Having opened this topic in “Why you shouldn’t read A Song of Ice and Fire,” I’d like to explore a couple additional aspects in this first of a series of posts about the separation between bourgeois ideas and universal reality.
Bourgeois literature comes in a variety of different forms, but they are each linked together by the fact that they seek to sustain the exploitation of man.
If anybody’s curious about my definition of ‘bourgeois literature’, this is loosely gathered from the USA TODAY’s Best-Selling Books list, which serves as an indicator of bourgeois preference.
The romance novel traditionally outsells every other genre in the paperback variety, making it the most prevalent form of bourgeois literature.
Its overwhelming popularity is assisted of course by relating to our primal instincts, feelings shared across the world that transcend any natural boundaries we may encounter.
In spite of its prevalence, it has been recognized since ancient times as a genre generally lacking substance and literary merit.
Developed primarily in England, and later the United States, the genre is the exploitation of women who are increasingly alienated from normal social relations with men due to latter’s exploitation by the societal pervasiveness of easily accessible sexually suggestive content. Evidenced by its production almost exclusively within bourgeois nations, the genre serves as a balance to the decline of normal social interactions in a capitalist society.
Romance serves to provide a simplistic notion of social relations that are less-experienced in bourgeois culture due to the projection of the individual and the growth of abnormal social relations.
I will group together the sub-genres of mystery, crime, and psychopathic thrillers in order to analyze the genre’s effect within a bourgeois society.
Again appealing to primal instincts, thriller exploits the lack of physical activity and adrenaline-producing elements, which were natural to hunter-gatherer societies, but are largely absent from bourgeois and capitalist culture.
Its secondary purpose is to exploit again the abnormal social relations created by bourgeois conditions of exploitation and the commodification of the individual. Bourgeois society produces abnormal social conditions that create specifically psychopathic behaviors, the intrigue of which is then exploited by the thriller genre.
This genre is relatively newer than the previous two, but a natural development due to the proliferation of exploitation within bourgeois and capitalist society.
The inspiration genre grew out of the commodification of the individual, which was then translated into a means of exploitation. The inspiration genre is the glorification and exploration of the individual as a commodity. Other capitalists then consume the genre in an effort to perfect themselves as commodities in order to more successfully exploit their fellow man.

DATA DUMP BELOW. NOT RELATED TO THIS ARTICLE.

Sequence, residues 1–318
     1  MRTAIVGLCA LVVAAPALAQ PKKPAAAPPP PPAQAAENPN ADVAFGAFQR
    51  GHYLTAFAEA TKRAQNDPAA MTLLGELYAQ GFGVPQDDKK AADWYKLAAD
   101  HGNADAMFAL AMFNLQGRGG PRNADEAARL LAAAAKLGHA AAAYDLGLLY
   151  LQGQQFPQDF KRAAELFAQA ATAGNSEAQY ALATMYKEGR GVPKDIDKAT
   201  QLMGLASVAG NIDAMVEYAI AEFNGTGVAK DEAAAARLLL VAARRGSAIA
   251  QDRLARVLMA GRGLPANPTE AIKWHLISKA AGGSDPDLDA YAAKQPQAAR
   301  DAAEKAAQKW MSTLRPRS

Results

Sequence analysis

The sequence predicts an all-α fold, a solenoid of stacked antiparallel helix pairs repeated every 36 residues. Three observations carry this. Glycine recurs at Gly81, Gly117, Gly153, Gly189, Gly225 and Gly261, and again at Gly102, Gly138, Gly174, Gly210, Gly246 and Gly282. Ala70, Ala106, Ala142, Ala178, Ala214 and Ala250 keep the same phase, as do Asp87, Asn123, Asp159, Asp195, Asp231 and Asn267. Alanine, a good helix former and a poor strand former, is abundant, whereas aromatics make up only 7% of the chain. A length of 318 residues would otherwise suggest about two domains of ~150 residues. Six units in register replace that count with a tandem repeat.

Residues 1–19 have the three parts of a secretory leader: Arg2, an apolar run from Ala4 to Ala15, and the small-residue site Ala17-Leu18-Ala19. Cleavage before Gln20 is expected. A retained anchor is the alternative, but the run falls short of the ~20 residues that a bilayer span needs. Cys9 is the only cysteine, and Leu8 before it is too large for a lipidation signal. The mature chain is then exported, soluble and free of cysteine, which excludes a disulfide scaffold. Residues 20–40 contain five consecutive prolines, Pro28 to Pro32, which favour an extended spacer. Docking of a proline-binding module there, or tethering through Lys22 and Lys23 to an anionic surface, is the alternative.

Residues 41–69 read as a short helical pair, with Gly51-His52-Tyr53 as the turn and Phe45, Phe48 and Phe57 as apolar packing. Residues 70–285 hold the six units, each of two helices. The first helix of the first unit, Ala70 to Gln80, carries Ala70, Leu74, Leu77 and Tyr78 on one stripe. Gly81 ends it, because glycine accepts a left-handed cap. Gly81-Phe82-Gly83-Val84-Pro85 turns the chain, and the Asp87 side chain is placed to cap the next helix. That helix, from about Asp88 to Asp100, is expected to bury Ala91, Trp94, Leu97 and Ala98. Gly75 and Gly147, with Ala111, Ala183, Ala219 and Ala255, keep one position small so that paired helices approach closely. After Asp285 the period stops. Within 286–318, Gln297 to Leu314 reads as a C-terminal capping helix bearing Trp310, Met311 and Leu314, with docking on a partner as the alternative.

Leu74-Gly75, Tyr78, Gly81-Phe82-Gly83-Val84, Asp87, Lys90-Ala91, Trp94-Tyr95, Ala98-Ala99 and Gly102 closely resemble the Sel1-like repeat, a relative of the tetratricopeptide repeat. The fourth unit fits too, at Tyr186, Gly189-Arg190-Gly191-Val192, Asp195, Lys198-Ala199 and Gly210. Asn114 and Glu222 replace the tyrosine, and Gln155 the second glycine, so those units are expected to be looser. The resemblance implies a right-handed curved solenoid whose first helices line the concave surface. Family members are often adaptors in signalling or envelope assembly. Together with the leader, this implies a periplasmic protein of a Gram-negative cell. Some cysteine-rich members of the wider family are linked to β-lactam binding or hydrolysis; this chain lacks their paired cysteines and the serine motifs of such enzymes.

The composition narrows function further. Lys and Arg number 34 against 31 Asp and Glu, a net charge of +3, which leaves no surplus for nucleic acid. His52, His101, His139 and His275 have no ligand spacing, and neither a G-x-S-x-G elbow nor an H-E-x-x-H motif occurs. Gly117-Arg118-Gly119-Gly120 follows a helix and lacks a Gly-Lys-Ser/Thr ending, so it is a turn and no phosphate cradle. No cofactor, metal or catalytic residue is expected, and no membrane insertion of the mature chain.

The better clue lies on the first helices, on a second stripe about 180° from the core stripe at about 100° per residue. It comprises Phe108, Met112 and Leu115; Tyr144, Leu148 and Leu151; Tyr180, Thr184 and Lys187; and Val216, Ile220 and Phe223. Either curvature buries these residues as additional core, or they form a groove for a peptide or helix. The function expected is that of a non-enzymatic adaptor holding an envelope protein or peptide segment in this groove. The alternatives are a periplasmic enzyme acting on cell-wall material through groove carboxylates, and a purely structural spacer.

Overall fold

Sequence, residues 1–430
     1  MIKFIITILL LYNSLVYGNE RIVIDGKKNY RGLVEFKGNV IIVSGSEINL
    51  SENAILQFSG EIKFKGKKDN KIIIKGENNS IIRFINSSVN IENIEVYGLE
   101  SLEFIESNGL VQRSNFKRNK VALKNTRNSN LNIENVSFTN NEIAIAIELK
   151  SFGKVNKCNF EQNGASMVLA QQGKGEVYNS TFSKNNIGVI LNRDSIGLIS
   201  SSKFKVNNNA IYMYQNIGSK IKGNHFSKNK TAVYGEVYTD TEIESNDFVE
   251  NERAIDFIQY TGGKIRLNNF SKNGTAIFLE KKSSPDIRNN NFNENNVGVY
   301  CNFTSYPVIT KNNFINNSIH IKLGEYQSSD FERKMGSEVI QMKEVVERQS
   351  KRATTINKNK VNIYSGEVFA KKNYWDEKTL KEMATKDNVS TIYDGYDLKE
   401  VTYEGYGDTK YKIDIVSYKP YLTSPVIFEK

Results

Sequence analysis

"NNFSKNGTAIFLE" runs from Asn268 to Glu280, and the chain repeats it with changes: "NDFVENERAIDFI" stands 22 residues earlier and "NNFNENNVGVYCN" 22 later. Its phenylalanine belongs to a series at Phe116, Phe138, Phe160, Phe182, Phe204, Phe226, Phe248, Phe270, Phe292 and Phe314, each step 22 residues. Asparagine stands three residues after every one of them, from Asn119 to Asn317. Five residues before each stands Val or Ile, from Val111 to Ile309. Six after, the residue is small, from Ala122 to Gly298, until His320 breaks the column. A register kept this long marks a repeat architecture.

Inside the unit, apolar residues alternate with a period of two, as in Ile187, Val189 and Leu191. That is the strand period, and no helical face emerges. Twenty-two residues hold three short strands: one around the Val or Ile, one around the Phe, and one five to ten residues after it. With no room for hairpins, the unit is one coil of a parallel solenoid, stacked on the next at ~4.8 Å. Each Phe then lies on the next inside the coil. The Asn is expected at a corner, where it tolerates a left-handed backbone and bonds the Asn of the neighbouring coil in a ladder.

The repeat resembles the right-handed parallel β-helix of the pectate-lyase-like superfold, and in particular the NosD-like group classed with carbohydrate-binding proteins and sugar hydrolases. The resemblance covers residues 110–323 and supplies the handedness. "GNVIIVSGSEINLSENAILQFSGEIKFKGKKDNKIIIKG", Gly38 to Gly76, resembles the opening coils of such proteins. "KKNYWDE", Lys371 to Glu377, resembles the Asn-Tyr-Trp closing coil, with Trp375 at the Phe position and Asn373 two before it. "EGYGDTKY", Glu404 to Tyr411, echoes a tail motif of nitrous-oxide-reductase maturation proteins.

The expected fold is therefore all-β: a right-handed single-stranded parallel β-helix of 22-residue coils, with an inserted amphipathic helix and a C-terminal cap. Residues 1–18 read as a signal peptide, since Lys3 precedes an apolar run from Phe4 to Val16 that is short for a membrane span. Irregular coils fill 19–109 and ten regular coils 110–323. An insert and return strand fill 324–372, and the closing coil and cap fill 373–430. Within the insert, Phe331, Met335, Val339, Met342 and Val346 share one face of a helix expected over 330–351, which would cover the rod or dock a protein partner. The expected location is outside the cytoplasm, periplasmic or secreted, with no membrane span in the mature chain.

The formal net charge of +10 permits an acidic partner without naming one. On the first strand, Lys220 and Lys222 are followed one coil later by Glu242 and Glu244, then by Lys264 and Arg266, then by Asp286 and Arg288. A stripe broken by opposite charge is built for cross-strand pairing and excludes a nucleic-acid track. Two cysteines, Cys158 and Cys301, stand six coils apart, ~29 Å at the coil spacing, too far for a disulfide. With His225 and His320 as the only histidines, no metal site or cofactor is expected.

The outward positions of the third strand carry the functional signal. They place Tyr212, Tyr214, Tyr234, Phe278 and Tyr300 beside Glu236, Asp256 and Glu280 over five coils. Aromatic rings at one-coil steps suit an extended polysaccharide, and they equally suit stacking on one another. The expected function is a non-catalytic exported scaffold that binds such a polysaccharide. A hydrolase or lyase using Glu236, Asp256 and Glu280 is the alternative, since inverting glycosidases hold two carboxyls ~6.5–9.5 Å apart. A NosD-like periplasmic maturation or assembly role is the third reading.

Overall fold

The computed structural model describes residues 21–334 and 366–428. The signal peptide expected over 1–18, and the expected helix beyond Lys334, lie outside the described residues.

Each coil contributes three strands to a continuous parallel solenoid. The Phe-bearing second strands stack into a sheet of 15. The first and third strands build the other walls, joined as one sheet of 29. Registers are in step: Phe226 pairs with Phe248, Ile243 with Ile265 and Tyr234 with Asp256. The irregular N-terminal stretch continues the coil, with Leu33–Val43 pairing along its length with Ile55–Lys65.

We must differentiate and acknowledge that there exists both a bourgeois fantasy genre and a universal fantasy genre, the characteristics of which will be described here.
Bourgeois fantasy is characterized primarily by the commodification of the individual. Authors who contribute to this genre create envision their characters as an end-state commodity affected by the world through character actions and experiences.
This differs from universal fantasy in which the authors create characters that represent ideas and notions of the world. Such characters are acted upon and allowed to change as the world affects them, coming into conflict only when the ideas that characters represent contradict another’s representation of ideas.
Secondarily and less commonly, bourgeois fantasy can also be characterized by feminism, which a natural growth in the progression of a capitalist society. Feminism allows bourgeois institutions access unfettered by gender in order to more effectively exploit the whole of mankind.
Feminism in bourgeois fantasy literature, then, is the celebration of equality between men and women, or even the occasional dominance of men by women within this particular genre. This is a societal construct perpetrated by bourgeois institutions in order to culturally normalize the exploitation of women in addition to the continued exploitation of their male counterparts.
Feminism is somewhat lacking in universal fantasy due to the celebration of normal social relations contained within this particular genre.
The self-help genre is comprised of the most unapologetic attempts at capitalist exploitation, presented as previously unknown ‘facts’ that the author seeks to present for the greater good. This is a false premise, as the author is unwaveringly exploiting the reader for capital gain. If not, the books would be offered for free.
Self-help is a growth from the commodification of the individual similar to the inspiration genre, but differing slightly because of the pursuit of additional capital gains resulting from the purchase of prescribed remedies, cures, etc.
It still adheres to the principle of the improvement of the individual as a commodity intended for exchange, and serves to promote the importance of the individual for such an exchange.
Self-help books also often contain information teaching opinions of the most effective means of exploiting others for self-preservation. This style of self-help book does not truly help the reader because of the omission of the reader’s need for a base of capital, which the reader is ironically supplying to the author instead.